- de Koning MN, Weissenborn SJ, Abeni D, Bouwes Bavinck JN, Euvrard S, Green AC, Harwood CA, Naldi L, Neale R, Nindl I, Proby CM, Quint WG, Sampogna F, ter Schegget J, Struijk L, Wieland U, Pfister HJ, Feltkamp MC: Prevalence and associated factors of betapapillomavirus infections in individuals without cutaneous squamous cell carcinoma. J Gen Virol. 2009, 90: 1611-1621. 10.1099/vir.0.010017-0.View ArticlePubMedGoogle Scholar
- Weissenborn SJ, Nindl I, Purdie K, Harwood C, Proby C, Breuer J, Majewski S, Pfister H, Wieland U: Human papillomavirus-DNA loads in actinic keratoses exceed those in non-melanoma skin cancers. J Invest Dermatol. 2005, 125: 93-97. 10.1111/j.0022-202X.2005.23733.x.View ArticlePubMedGoogle Scholar
- Pfister H: Chapter 8: human papillomavirus and skin cancer. J Natl Cancer Inst Monogr. 2003, 52-56.Google Scholar
- Akgül B, Cooke JC, Storey A: HPV-associated skin disease. J Pathol. 2006, 208: 165-175. 10.1002/path.1893.View ArticlePubMedGoogle Scholar
- Nindl I, Gottschling M, Stockfleth E: Human papillomaviruses and non-melanoma skin cancer: Basic virology and clinical manifestations. Dis Markers. 2007, 23: 247-259.View ArticlePubMedPubMed CentralGoogle Scholar
- Boxman IL, Berkhout RJM, Mulder LHC, Wolkers MC, Bouwes Bavinck JN, Vermeer BJ, ter Schegget JT: Detection of human papillomavirus DNA in plucked hairs from renal transplant recipients and healthy volunteers. J Invest Dermatol. 1997, 108: 712-715. 10.1111/1523-1747.ep12292090.View ArticlePubMedGoogle Scholar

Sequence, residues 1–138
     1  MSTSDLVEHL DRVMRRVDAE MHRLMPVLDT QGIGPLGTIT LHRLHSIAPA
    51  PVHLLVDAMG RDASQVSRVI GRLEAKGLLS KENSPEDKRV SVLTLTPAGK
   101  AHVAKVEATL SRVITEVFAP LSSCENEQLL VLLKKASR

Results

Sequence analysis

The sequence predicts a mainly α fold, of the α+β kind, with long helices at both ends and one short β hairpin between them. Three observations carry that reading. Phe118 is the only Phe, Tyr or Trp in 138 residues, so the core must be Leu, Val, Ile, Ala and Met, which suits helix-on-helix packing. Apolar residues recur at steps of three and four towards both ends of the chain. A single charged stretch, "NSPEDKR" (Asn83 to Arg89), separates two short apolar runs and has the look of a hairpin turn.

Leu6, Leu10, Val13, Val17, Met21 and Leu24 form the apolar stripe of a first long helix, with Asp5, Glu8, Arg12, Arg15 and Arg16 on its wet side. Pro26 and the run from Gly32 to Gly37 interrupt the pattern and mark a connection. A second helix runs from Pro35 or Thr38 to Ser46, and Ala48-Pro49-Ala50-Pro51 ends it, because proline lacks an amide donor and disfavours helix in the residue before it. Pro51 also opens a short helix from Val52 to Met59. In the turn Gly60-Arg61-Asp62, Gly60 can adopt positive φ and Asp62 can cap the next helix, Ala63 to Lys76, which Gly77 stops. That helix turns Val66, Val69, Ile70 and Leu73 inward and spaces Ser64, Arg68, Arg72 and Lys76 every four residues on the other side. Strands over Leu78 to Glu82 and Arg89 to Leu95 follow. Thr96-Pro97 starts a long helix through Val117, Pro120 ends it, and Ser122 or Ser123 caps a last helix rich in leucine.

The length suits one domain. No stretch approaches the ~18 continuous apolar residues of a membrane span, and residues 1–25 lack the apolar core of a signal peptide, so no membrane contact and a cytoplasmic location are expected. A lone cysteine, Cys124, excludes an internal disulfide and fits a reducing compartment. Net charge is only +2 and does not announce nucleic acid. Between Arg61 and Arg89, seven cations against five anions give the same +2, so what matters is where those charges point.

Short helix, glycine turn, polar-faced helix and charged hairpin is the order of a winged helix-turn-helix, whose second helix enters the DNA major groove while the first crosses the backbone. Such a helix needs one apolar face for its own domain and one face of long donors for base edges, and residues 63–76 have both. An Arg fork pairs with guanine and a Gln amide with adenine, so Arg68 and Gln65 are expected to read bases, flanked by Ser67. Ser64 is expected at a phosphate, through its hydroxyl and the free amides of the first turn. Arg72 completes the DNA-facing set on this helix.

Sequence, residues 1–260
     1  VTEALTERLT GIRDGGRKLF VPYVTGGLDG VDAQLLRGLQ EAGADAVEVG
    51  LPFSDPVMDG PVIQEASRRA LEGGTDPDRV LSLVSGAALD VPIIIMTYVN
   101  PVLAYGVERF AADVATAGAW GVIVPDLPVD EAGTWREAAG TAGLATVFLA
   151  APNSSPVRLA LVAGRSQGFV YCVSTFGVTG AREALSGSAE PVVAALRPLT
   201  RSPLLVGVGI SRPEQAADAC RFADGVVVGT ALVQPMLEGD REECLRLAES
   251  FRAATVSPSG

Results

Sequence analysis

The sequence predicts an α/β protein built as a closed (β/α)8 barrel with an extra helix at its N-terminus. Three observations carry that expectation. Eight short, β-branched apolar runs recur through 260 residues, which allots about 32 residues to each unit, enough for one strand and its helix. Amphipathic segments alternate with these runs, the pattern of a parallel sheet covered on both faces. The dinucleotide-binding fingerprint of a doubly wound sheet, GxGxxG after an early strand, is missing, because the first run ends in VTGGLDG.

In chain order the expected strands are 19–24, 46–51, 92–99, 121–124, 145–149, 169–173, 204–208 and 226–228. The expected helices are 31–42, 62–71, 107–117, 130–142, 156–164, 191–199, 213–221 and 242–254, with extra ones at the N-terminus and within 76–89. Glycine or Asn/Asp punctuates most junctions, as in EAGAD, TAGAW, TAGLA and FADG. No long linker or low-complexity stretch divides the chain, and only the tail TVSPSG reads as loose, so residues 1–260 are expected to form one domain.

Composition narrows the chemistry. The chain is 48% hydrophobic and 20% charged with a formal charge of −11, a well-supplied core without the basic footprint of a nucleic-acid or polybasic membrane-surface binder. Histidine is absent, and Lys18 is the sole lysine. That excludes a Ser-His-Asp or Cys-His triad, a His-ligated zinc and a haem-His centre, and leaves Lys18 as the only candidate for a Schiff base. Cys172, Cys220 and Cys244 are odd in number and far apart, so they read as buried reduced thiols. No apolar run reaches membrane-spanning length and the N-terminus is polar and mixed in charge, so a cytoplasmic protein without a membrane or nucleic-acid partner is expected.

- de Koning MN, Struijk L, Bavinck JN, Kleter B, ter Schegget J, Quint WG, Feltkamp MC: Betapapillomaviruses frequently persist in the skin of healthy individuals. J Gen Virol. 2007, 88: 1489-1495. 10.1099/vir.0.82732-0.View ArticlePubMedGoogle Scholar
- Forslund O, Antonsson A, Nordin P, Stenquist B, Hansson BG: A broad range of human papillomavirus types detected with a general PCR method suitable for analysis of cutaneous tumours and normal skin. J Gen Virol. 1999, 80: 2437-2443.View ArticlePubMedGoogle Scholar
- Kohler A, Forschner T, Meyer T, Ulrich C, Gottschling M, Stockfleth E, Nindl I: Multifocal distribution of cutaneous human papillomavirus types in hairs from different skin areas. Br J Dermatol. 2007, 156: 1078-1080. 10.1111/j.1365-2133.2007.07809.x.View ArticlePubMedGoogle Scholar
- Nindl I, Gottschling M, Krawtchenko N, Lehmann MD, Rowert-Huber J, Eberle J, Stockfleth E, Forschner T: Low prevalence of p53, p16(INK4a) and Ha-ras tumour-specific mutations in low-graded actinic keratosis. Br J Dermatol. 2007, 156 (Suppl 3): 34-39.View ArticlePubMedGoogle Scholar
- Brink AA, Lloveras B, Nindl I, Heideman DA, Kramer D, Pol R, Fuente MJ, Meijer CJ, Snijders PJ: Development of a general-primer-PCR-reverse-line-blotting system for detection of beta and gamma cutaneous human papillomaviruses. J Clin Microbiol. 2005, 43: 5581-5587. 10.1128/JCM.43.11.5581-5587.2005.View ArticlePubMedPubMed CentralGoogle Scholar
- Nindl I, Kohler A, Gottschling M, Forschner T, Lehmann M, Meijer CJ, Snijders PJ, Stockfleth E: Extension of the typing in a general-primer-PCR reverse-line-blotting system to detect all 25 cutaneous beta human papillomaviruses. J Virol Methods. 2007, 146: 1-4. 10.1016/j.jviromet.2007.05.022.View ArticlePubMedGoogle Scholar